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Participants in the T.E.A. program enjoy Homecoming festivities at Appalachian State University in 2012. Another cohort of visiting teachers will arrive on campus this fall. Photo courtesy of ASU.



Originally published: 2013-05-31 13:43:29
Last modified: 2013-05-31 13:46:57

Hosts needed in October for visiting teachers

Appalachian State University's Teaching Excellence and Achievement Program is seeking hosts to open their homes to one of 22 teachers from across the globe for a homestay weekend in October.


The T.E.A. Program brings highly select English-as-a-foreign-language teachers to ASU for a six-week seminar that includes coursework, community service, internships in local classrooms and cultural exchange opportunities.


A highlight of the program is the homestay weekend Oct. 25-27, which allows the fellows to experience American culture firsthand with local families.


"They're not expected to do anything outside of the ordinary that they wouldn't normally do or to spend a lot of money but basically just to welcome them to their home and community," said Sarah Bergstedt, director of international outreach for the ASU Office of International Education and Development.


LeeAnn Gregory of Boone said her family hosted Rola Al-Rayashi from Jordan in fall 2012 and said it was a highlight of the year.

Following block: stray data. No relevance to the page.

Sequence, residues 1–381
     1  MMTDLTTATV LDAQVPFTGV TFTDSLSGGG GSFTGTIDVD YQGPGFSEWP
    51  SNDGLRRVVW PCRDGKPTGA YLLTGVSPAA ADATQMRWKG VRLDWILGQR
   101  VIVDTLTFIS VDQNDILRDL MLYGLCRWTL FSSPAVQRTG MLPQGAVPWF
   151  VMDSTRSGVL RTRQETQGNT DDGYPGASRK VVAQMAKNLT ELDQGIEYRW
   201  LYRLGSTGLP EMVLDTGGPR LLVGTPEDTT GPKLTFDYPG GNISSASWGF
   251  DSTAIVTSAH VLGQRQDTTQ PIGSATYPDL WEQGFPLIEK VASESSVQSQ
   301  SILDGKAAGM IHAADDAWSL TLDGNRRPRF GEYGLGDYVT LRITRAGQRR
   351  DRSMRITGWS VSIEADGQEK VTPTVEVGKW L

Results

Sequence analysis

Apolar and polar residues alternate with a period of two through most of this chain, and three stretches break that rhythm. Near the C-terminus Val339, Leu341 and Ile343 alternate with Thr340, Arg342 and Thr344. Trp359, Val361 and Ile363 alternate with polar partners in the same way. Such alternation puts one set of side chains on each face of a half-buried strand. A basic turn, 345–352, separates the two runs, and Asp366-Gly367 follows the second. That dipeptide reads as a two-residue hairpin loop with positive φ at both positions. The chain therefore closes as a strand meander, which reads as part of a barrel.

Gregory said her daughter, who was 8 years old at the time, learned to write Arabic from their temporary guest.


"It was a great opportunity to expose the kids to other cultures and make it real to them, instead of just something they read about in a book," Gregory said.


Christie Arney of Lenoir and her husband, Allen Miller, spent their weekend with Sufia Khatun of Bangladesh.


Arney said their guest's only requests were to see an apple orchard and to see snow for the first time. Khatun had both wishes fulfilled after an Oct. 31 storm sprinkled snow on the area.


The family also spent plenty of time in conversation with Khatun, learning about her culture, her school and her family.


"We learned so much, and it was things that you don't even know to ask," Arney said.


The T.E.A. program, now in its third year at ASU, is a grant-funded initiative from the U.S. Department of State. Appalachian State University is one of four universities nationwide to host the program.


Each exchange begins with several days of orientation in Washington, D.C, before the teachers arrive on campus. While at ASU, they take classes in teaching, technology and other subjects and also intern for 10 days at high schools in Ashe, Watauga, Burke, Caldwell and Wilkes counties, Bergstedt said.


The aim is to strengthen their skills and knowledge for teaching English and to share that information with peers when they return home.


The teachers won't be selected until June, but they typically come from more than 15 countries, Bergstedt said.


"For a lot of them, it's the first time that they've ever been outside their country or that they will ever be able to," Bergstedt said.


For more information about the T.E.A. program or to apply to become a homestay host, call the Office of International Education and Development at (828) 262-8046, email bergstedtss@appstate.edu or visit international.appstate.edu/tea_2013.